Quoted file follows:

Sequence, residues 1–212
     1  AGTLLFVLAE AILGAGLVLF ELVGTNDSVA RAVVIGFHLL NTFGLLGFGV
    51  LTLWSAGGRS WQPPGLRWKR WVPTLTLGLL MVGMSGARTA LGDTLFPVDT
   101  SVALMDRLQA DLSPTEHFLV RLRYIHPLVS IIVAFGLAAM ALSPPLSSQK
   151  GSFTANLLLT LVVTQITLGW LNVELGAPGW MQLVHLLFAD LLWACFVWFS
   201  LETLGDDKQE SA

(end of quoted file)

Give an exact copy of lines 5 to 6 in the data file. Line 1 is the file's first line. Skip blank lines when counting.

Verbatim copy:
   151  GSFTANLLLT LVVTQITLGW LNVELGAPGW MQLVHLLFAD LLWACFVWFS
   201  LETLGDDKQE SA